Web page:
811 Species of Moss in Wales
"811 Species of Moss in Wales"
by Kurt Jackson (2018)
180cm x 200cm, mixed media on linen
Dr Laura Moody: Research
Dr Laura Moody is a Royal Society University Research Fellow at the Department of Plant Sciences.
"One of the most important events in the history of life on Earth was the conquest of land by plants nearly half a billion years ago. The transition from water to land was accompanied by the evolution of three-dimensional (3D) growth, which in turn created new opportunities for land plant diversification. To understand the genetic basis of 3D growth, we study simple, yet remarkable bryophytes -- the mosses, liverworts, and hornworts."
Dr Laura Moody: Response
"This artwork captures how so much biodiversity exists within the bryophytes alone, just one of many plant lineages that green our planet, but my favourite."
Kurt Jackson Q&A
What is the ethos behind Biodiversity, the exhibition?
"As we know, it's called Biodiversity, so that is sort of a reference to this spectrum and variety of life that inhabits our world, and it's come about from a whole host of different reasons.
A lot of my work I make in 'plein air', as in in-situ, outside, and that's when I'm painting and drawing and having this essential, direct engagement with nature – I need that for my inspiration, to make my work. And I also like to be in contact with nature so that nature can almost collaborate with me, and interfere sometimes, but hopefully enhance what I am doing. But when you're spending that much time outdoors – observing, getting down sort of in the dirty, with nature,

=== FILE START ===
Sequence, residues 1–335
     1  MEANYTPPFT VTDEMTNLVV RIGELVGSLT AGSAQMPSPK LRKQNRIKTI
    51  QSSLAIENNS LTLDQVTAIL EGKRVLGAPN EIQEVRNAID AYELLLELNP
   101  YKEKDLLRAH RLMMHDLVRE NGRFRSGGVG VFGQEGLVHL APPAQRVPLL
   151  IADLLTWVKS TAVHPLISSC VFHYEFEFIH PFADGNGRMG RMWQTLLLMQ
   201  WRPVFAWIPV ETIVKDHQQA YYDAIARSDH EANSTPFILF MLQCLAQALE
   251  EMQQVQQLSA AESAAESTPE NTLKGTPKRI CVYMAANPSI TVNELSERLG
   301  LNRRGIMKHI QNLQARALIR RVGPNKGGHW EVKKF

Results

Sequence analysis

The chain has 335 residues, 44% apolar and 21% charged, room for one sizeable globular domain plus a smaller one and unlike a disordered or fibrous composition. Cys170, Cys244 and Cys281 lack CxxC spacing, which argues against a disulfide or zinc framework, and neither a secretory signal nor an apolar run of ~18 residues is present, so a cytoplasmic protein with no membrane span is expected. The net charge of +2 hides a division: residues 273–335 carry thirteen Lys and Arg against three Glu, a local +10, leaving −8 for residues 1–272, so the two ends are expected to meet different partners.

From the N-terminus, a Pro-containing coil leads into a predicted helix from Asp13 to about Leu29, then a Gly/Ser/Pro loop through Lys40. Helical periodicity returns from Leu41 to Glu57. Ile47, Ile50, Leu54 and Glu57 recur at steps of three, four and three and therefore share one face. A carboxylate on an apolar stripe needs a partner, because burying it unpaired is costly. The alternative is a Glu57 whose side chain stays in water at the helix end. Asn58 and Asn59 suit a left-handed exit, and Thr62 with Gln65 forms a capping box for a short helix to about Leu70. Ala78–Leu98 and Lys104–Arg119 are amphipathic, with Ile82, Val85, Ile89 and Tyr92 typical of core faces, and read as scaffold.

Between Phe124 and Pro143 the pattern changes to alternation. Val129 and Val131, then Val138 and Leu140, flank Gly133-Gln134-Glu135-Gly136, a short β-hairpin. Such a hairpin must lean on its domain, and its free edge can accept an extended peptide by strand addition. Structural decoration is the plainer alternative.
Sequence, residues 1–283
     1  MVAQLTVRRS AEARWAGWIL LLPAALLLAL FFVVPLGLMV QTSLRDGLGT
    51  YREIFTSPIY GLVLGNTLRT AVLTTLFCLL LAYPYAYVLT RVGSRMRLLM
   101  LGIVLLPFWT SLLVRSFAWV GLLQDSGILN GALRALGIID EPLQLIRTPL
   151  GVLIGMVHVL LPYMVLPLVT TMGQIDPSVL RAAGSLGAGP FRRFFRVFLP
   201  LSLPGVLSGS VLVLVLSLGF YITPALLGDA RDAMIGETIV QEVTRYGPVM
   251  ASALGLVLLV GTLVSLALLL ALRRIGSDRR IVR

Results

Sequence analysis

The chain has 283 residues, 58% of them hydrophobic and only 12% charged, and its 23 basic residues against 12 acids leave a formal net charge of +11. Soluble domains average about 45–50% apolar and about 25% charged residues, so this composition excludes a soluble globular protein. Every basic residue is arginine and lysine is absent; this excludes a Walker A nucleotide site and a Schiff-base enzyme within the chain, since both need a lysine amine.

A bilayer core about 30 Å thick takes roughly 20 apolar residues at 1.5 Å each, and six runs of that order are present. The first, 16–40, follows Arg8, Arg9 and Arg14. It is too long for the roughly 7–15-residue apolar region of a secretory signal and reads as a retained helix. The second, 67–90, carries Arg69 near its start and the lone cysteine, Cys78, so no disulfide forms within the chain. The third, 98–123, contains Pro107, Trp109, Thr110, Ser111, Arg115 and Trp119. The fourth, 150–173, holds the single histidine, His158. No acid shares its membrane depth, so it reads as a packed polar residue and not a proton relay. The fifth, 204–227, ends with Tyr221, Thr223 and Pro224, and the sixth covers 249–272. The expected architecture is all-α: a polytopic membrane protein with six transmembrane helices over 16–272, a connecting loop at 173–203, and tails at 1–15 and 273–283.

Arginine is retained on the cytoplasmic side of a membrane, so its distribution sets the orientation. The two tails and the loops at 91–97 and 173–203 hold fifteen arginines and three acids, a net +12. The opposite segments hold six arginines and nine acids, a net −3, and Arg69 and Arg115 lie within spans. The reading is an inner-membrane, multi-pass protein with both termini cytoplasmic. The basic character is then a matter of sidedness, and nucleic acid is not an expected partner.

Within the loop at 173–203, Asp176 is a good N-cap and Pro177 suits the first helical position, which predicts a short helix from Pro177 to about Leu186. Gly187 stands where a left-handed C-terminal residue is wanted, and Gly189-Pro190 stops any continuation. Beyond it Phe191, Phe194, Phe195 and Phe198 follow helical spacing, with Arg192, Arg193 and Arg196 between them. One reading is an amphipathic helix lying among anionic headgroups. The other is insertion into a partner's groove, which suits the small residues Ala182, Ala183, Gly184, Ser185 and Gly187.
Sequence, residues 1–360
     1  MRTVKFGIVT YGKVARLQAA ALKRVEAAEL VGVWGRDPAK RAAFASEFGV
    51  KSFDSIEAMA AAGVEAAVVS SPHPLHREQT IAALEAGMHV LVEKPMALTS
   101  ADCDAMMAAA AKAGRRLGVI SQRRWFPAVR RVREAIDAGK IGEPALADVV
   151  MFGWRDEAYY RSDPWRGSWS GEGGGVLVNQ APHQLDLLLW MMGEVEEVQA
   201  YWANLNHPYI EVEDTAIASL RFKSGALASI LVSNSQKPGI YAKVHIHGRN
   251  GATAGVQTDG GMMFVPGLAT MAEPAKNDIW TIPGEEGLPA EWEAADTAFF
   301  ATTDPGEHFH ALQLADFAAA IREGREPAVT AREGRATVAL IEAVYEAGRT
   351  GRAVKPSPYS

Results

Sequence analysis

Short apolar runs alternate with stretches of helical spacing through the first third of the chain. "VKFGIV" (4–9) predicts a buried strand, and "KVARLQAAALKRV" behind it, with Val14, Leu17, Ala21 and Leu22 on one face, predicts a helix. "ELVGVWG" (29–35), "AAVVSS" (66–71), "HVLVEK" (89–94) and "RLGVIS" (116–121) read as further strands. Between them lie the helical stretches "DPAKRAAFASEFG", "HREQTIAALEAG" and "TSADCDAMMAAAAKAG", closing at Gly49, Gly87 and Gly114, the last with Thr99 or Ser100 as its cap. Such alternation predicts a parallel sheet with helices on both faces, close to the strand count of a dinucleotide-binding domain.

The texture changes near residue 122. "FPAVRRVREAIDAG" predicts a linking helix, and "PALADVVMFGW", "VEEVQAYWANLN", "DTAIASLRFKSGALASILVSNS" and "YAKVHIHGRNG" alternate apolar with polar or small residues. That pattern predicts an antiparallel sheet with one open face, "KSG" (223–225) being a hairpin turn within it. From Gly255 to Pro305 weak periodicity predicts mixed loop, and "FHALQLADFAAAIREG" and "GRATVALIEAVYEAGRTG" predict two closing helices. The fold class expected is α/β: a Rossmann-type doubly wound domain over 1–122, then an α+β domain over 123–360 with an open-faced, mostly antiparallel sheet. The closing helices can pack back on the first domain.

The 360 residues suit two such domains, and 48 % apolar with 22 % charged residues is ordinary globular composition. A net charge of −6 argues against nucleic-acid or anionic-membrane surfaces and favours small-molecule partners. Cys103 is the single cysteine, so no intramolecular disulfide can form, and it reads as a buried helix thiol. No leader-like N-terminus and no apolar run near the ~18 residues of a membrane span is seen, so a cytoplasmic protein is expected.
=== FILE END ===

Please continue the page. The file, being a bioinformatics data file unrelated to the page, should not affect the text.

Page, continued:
as it were – you do notice the life around you. You start to notice the small details that maybe other people don't notice. And even though I have a foundation in Zoology, you know, I studied here at Oxford and got my degree in Zoology;
I have continued to add to that throughout my life with knowledge and awareness and discovery and experience. And it's the plant world, as well as the animal world, with which I'm equally fascinated. But we're living in these times of environmental crisis where everything's changing, everything is potentially under threat, from both our activities and climate change – a combination of the two. Whether it's habitat loss, species loss... all these things are having potentially a huge negative effect on this world we inhabit. And I've always argued that it's only by being aware of the animals and
plants that we share this planet with that we can then hopefully do something about conserving them and conserving this amazing place we live.
So, it's come about that, on one level that I'm fascinated by diversity and by all these different beasties and plants that we find around us – how they fit together, stack up, webs, chains, all that stuff, niches, I just love all that stuff. On another level, I just enjoy the beauty of variety and form and colour, and shape and behaviour and all the rest of it.
And then there's this whole field of concern and worry and anxiety of what's happening to the world. So, I come to this with an artist's head, a semi sort-of scientist's head – I don't call myself a scientist but there's plenty of that
in my head – and then as an environmentalist, someone who is concerned about what's happening to the planet.
So maybe there's three fields that come together in these works I've made."